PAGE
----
Skip to main content

Thank you for visiting You are using a browser version with limited support for CSS. To obtain the best experience, we recommend you use a more up to date browser (or turn off compatibility mode in Internet Explorer). In the meantime, to ensure continued support, we are displaying the site without styles and JavaScript.

  • Article
  • Published:

Consequences of integrating livestock and wildlife in an African savanna


Globally, most wildlife lives outside of protected areas, creating potential conflicts between the needs of wildlife and the needs of humans. East African savannas epitomize this challenge, providing habitat for wildlife such as giraffes and elephants as well as for people and their livestock. Conflicts over land use are common, leading to the assumption of a necessary trade-off between wildlife and livestock management. Here, we show that the integration of livestock and wildlife in a large region of central Kenya can have ecological benefits, reducing the abundance of ticks and improving forage. These ecological benefits can be complemented by economic ones when property owners derive income both from wildlife through tourism and from livestock through meat and dairy production. Our results suggest that under specific ecological, economic and social conditions, integrating livestock with wildlife can provide benefits for the environment and for human well-being in African savannas.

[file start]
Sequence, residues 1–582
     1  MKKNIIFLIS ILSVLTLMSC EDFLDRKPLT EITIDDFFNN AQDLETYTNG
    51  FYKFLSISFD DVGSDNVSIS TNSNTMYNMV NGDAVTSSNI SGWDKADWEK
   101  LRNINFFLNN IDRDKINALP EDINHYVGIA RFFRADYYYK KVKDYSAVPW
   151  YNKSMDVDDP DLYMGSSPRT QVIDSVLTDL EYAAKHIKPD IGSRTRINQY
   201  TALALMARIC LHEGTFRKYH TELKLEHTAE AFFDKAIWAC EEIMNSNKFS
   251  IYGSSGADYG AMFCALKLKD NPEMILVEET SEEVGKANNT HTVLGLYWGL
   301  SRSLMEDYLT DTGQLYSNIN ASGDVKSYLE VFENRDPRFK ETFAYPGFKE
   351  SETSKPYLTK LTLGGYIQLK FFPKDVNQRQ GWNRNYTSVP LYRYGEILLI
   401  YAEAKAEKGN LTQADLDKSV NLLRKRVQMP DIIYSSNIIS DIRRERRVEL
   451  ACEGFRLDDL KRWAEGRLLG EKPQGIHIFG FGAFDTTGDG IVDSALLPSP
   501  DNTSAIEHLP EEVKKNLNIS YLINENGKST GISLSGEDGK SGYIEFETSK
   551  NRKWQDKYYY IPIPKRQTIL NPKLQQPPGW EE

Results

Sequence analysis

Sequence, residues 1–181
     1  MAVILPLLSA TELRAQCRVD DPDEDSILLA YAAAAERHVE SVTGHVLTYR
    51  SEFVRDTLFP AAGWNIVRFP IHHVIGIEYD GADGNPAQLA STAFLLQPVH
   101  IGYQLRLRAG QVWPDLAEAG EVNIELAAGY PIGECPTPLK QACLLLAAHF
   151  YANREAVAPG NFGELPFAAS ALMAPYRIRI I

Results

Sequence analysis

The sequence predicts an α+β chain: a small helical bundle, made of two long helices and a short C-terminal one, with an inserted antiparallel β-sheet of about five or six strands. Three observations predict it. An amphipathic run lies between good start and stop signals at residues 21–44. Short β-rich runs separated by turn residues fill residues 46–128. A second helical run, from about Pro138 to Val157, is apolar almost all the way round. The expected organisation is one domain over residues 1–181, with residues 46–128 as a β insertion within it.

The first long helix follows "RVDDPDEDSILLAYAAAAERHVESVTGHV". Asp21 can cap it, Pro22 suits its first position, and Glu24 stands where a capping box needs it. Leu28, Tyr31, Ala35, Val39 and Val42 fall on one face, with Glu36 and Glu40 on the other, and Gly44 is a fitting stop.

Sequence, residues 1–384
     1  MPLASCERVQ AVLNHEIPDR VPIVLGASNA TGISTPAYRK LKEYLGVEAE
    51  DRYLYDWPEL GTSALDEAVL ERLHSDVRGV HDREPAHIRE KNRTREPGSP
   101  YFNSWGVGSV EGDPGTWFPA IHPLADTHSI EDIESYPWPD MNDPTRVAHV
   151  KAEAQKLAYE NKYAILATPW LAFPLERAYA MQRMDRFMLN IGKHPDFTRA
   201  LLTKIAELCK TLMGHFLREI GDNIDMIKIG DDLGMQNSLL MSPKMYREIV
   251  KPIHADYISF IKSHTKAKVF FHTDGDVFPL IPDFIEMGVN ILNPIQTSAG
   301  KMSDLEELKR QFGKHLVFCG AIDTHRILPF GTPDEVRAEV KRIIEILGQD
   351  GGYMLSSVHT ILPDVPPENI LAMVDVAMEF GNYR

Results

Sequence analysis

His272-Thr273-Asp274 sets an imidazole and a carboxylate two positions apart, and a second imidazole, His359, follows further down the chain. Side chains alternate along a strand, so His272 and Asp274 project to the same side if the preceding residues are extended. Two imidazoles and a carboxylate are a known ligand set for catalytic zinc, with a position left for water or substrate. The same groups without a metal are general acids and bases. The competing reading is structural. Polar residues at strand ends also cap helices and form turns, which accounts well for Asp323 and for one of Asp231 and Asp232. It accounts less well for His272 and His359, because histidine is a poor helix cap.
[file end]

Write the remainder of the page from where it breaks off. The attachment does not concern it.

This is a preview of subscription content, access via your institution

Access options

Buy this article

Prices may be subject to local taxes which are calculated during checkout

Fig. 1: Tick abundance in relation to management.
Fig. 2: Effects of ecological integration of livestock and wildlife on vegetation.
Fig. 3: Effects of livestock on wildlife abundance.
Fig. 4: Diversity of income sources based on economic classification (relative proportion of income derived from livestock versus wildlife on each property). See main text for details.
Fig. 5: Ecological classification (ln wildlife/livestock ratio) versus economic classification for each of the 23 properties surveyed.